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Topsail Schooner Appledore heads south for warmer climes

by Shlomit Auciello, Village Soup/Sail-World Cruising on 18 Dec 2011
Appledore heads south when the winter chill sets in .. .
Summer in Penobscot Bay in Maine is ideal for sailing, but come winter, most of the schooners who ply the coastline off Camden go into hibernation until the weather improves - but not the topsail schooner Appledore. As Village Soup correspondent Shlomit Auciello tells, she sets sail south for warmer climes - sometimes with '13ft seas and blowing 40':

Appledore headed for Key West, Nov. 6 at 5:30 p.m. under the guidance of Capt. Justin Bernhart, navigation officer Steve Pixley and a crew of 10. Pixley, who is the Camden harbormaster, said sailing an old-style boat such as Appledore is a challenge, compared to a modern rig.


He said Key West Sebago, the company that operates Appledore in Florida, offered him a bonus if he could have the schooner in port in time for a wedding charter the night of Nov. 18. That gave them 12 days to deliver the schooner.

The first night and day found the boat pounding into the wind, burning a lot of fuel to make 4 knots. Pixley said he noticed the chock that stabilizes the bowsprit was loosening up under the pounding. He watched as the gap between the bowsprit and breastplate increase from 1/4-inch to 9 inches.

'That was the only time I have ever called for all hands on deck,' he said. The call went out at 5:30 a.m. to bring the crew out of their berths and within minutes everyone was doing something.

'I took the wheel and tried to go beam to the seas, but didn’t want to go off course,' he said. Pixley said he tried maintaining course, but needed to fall off the rhumb line to keep enough wind in the sails to maintain control.

Bernhart and Pixley took six-hour watches while working toward the Cape Cod Canal.


'It was definitely spooky,' said Pixley. 'The boat was pitching and rolling and yawing. There were 13-foot seas and it was blowing 40. Water was all over the place. It felt like some giant was smacking the boat. Wham!' He said it was like a scene in a movie where buckets of water are thrown across the deck to make it look real. 'But it is.'

As they approached the canal and prepared to make the required call to the canal officer, they discovered their VHF radio was not working. Pixley inspected the rig from top to bottom, finding bad connections at both ends. After two hours at a dock, Appledore caught the tide through the canal, bound for Chesapeake Bay. Once through, they learned that northwest winds of 40 to 45 knots with 13-foot swells were expected around Cape Hatteras.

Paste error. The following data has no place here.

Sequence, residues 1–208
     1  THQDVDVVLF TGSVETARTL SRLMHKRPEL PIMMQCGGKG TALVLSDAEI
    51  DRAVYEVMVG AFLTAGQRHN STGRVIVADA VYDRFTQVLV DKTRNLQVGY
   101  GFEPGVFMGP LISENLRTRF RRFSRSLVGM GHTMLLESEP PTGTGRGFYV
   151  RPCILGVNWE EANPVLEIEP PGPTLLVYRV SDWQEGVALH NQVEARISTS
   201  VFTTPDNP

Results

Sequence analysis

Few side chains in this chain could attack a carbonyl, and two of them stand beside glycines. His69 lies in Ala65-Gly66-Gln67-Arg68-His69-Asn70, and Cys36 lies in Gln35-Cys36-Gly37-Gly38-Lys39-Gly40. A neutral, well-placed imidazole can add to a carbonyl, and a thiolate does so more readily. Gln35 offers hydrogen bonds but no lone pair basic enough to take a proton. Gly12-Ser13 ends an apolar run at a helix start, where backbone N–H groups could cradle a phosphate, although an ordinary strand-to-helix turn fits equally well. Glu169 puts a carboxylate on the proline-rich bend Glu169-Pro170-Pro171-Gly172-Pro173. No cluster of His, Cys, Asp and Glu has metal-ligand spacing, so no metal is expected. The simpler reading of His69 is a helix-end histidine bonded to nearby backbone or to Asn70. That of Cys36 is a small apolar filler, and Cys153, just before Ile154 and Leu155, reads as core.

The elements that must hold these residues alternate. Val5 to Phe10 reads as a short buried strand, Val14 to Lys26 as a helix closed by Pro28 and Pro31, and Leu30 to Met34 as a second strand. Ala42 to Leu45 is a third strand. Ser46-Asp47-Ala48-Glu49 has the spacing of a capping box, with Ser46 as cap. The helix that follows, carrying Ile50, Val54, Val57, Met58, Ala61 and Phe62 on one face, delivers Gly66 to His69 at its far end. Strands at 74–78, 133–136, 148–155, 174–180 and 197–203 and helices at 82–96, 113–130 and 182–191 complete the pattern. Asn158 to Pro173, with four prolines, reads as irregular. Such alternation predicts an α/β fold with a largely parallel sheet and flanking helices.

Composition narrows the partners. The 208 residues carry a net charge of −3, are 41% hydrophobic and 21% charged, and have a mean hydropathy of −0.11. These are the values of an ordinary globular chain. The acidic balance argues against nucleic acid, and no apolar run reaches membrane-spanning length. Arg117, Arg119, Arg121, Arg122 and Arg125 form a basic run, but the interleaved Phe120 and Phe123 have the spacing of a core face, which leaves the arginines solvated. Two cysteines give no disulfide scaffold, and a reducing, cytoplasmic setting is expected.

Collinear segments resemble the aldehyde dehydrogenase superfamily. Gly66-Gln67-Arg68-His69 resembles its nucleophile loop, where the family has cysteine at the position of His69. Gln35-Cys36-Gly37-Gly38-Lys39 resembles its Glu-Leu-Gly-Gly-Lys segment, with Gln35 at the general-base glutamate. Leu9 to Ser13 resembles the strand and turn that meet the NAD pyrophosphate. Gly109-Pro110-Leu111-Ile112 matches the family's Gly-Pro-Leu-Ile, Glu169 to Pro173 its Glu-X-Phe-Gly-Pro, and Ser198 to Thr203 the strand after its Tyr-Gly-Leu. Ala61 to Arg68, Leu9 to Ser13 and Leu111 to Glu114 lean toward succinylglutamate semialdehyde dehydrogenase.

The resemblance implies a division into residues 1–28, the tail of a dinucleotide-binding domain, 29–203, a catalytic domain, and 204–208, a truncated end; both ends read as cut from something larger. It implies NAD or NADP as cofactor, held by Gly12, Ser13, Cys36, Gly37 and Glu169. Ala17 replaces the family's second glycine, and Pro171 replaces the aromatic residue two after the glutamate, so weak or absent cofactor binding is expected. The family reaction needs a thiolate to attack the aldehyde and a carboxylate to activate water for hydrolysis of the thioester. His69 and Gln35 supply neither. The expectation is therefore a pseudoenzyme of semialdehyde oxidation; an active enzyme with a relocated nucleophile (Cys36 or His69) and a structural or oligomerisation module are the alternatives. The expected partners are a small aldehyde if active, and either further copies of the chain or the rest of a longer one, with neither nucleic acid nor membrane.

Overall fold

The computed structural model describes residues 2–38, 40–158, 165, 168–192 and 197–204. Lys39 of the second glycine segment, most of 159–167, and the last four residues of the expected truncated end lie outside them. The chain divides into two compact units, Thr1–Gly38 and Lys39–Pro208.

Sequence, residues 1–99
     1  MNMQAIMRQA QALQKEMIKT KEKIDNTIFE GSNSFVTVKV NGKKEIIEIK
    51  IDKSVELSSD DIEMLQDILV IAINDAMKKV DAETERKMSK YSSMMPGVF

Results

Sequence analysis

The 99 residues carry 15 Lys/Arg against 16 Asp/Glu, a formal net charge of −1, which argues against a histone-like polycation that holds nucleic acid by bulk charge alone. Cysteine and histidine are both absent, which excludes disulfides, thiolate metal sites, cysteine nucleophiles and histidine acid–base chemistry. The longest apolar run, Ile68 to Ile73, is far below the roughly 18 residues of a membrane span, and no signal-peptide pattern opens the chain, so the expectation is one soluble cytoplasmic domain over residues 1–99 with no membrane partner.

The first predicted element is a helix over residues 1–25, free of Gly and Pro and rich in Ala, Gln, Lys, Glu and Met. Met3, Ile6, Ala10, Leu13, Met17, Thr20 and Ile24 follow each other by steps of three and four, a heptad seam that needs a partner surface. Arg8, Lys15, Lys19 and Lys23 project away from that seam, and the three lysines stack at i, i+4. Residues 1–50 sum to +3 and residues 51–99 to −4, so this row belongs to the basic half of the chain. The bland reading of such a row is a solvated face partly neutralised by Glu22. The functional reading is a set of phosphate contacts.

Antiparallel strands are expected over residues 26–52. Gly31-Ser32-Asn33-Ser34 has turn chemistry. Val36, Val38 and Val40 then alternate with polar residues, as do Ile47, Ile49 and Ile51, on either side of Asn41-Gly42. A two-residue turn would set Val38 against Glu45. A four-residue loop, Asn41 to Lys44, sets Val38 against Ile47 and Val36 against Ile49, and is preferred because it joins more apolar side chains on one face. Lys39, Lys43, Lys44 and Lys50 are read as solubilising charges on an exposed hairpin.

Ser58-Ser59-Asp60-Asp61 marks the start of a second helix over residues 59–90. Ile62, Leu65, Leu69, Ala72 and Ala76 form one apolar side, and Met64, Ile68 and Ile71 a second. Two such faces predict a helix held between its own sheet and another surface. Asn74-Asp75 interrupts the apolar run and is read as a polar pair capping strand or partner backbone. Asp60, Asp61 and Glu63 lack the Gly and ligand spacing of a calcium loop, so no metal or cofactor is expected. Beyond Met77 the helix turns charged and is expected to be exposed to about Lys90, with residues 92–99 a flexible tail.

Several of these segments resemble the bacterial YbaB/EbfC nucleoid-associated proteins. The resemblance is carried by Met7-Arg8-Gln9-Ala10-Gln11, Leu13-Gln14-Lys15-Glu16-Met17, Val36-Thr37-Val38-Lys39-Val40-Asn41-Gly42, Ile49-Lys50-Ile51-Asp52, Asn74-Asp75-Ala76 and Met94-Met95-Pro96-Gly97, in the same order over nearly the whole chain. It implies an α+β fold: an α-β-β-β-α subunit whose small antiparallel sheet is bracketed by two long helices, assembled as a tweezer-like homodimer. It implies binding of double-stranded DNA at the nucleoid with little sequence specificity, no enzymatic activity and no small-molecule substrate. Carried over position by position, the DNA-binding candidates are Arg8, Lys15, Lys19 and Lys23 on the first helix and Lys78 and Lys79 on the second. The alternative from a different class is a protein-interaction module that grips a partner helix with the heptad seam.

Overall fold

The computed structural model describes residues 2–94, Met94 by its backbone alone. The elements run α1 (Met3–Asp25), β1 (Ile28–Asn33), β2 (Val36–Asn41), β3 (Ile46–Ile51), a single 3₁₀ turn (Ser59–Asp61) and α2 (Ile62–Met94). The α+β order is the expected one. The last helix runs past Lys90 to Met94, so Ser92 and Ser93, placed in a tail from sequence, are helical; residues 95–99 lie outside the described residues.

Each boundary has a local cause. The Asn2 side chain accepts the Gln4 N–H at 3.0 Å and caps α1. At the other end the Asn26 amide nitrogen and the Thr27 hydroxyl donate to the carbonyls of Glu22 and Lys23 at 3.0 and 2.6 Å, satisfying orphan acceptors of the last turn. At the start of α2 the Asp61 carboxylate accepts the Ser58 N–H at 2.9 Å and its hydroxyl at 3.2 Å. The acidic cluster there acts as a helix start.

'The skipper and I had a private meeting and he said he wanted to put in for two days,' said Pixley. 'I said she was built for that and it would be on our quarter, the best place for swells and wind.'

Pixley said he was mindful of the challenge given by the boat's operators, but that his decision was based on the wind direction.

'We took a double reef in the main and staysail,' he said. Appledore's foresail only has one set of reef points, so that sail was left furled.

'We had a full moon night and made speeds up to 12.5 knots under big, beautiful sparkling moonlight. It's the kind of stuff you read about,' he said.


Pixley said the boat heeled over so far that it twice knocked crew member John Bullock, known as Pirate John, out of his berth.

'Luckily, he caught himself, so he was ejected and landed on a galley table,' said Pixley. 'He didn't get hurt.

Six days out, on Nov. 13, Appledore made landfall at Savannah, Ga. The schooner motored up the Savannah River and the crew made a supper of crawfish and beer. At the same time they purchased more fuel. By 10 a.m. the following morning they were out of the river and back on course to Key West, making a speed of about 6 knots.

'Each watch had to strike sails because the wind was so close to our nose,' said Pixley. He said the crew knew about his anticipated bonus and that he felt 'like a classic skipper, trying to make market so he can sell his fish.'

The final two days of the journey were pleasant, he said. Appledore moved at 7.5 knots on a beam reach during the final 24 hours of the trip, arriving in Key West by 2:30 p.m. on the day of the wedding.


'That whole morning we worked to make her ship shape,' he said. 'Painting where we could and cleaning so it wouldn't look like a wreck for the wedding party.'

When the schooner reached its destination, Pixley heard a volley of welcoming cannon thunder from the fleet in the island's harbor that included at least four traditional sailing vessels.

Appledore will return to Camden next spring, in time for a June start to the Midcoast windjammer season.

For more information about Appledore and its schedules in Key West and Camden, visit the www.appledore2.com!website, and for more information about Village Soup, www.http://knox.villagesoup.com!click_here.

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